A3: Wearable Devices


Sitikantha Roy, Mohd. Ikbal B. Choudhury, Pranjal Singh, Rajnish Juneja, Anamika Prasad

Indian Institute of Technology Delhi, India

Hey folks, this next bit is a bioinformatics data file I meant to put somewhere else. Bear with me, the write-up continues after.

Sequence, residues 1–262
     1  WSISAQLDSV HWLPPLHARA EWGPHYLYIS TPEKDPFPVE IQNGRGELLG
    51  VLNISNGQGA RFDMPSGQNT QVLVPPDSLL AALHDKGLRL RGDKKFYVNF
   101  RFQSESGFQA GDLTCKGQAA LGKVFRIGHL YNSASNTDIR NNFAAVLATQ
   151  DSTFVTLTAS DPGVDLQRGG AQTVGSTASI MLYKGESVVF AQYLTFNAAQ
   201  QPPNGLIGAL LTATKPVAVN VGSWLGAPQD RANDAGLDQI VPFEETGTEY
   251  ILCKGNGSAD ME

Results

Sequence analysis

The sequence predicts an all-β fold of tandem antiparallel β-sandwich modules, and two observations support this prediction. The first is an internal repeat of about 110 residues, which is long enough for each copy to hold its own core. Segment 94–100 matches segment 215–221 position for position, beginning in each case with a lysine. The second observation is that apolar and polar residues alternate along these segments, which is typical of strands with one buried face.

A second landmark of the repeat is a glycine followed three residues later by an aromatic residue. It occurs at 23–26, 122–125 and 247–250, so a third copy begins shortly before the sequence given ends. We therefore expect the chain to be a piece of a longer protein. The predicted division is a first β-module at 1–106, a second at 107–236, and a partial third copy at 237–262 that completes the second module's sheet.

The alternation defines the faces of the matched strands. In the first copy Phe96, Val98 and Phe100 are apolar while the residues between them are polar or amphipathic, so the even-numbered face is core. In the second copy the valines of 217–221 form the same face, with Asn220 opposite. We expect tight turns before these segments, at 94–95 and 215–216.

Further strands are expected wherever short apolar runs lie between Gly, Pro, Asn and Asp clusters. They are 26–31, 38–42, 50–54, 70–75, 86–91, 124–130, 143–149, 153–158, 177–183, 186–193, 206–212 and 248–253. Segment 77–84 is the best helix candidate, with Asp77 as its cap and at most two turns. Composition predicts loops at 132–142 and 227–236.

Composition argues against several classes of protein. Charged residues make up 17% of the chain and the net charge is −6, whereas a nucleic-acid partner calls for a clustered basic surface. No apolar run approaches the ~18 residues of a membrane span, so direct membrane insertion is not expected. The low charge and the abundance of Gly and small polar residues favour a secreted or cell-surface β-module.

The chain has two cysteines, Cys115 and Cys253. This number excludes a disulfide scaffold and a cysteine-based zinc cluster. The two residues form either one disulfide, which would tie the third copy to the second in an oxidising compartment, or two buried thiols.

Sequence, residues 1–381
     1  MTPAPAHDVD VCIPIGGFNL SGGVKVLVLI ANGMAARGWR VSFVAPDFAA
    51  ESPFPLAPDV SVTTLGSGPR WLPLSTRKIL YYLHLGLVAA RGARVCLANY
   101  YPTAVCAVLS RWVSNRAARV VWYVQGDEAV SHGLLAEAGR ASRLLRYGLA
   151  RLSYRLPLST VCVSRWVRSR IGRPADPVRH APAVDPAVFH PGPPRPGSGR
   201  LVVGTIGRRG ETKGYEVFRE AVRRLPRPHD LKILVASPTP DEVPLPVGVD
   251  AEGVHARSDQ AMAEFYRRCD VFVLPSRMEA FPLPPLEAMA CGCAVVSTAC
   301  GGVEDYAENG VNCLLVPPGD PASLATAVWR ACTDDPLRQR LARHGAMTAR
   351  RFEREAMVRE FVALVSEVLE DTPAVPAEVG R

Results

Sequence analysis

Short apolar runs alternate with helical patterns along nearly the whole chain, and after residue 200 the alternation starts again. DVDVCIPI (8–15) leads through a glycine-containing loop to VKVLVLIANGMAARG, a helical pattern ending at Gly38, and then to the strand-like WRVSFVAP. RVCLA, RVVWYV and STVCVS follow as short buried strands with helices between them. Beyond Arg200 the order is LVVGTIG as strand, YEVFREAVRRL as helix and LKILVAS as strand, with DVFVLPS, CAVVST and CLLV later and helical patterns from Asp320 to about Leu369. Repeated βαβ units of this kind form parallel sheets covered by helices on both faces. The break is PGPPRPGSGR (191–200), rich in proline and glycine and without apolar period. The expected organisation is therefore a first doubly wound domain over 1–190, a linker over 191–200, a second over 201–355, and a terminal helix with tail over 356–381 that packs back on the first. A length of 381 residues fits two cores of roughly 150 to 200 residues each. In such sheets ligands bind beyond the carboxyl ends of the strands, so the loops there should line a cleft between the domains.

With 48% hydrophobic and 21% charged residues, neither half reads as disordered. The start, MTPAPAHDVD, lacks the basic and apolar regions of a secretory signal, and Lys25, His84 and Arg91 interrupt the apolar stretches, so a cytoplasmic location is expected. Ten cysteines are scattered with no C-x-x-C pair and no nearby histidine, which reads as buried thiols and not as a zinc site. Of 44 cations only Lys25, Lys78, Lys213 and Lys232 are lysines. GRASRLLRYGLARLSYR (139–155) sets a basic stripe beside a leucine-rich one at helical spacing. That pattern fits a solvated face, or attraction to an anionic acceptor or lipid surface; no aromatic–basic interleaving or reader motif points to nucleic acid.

The technology for acquiring pressure pulses from a peripheral artery using the principle of applanation tonometry has been around for a while now. Under stable conditions, arterial tonometry can faithfully give the right pulse waveforms that can be calibrated to a blood pressure (BP). Quite a number of products have come up in the market with varying degrees of accuracy and use case. This is because the focus now has started to shift from discreet two-value BP readings to pulse waveforms, as the latter is more representative of a number of hemodynamic and physiological parameters.  However most of the available devices are very expensive and used only in physiology labs for the purpose of research. Moreover the devices are like black-boxes as neither the clinicians can calibrate them with a gold standard in case of spurious readings, nor the engineers can modify them to improve efficacy.  Therefore there is need for a detailed study to identify factors influencing tonometric readings from a device development perspective. We have developed a device supported by detailed underlying computational analysis that enables measurement of pressure pulses in the radial artery using off-the-shelf tactile-based pressure sensor. In this work, we present some of the factors affecting pulse pressure reading from radial artery in the context of device design.  Specifically, we evaluate factors such as sensor position on the artery, hold-down pressure and orientation, extension of the wrist, and material and geometry variability and its relationship with specific device design. Also the factors influencing calibration of pressure pulses to the BP are identified and discussed

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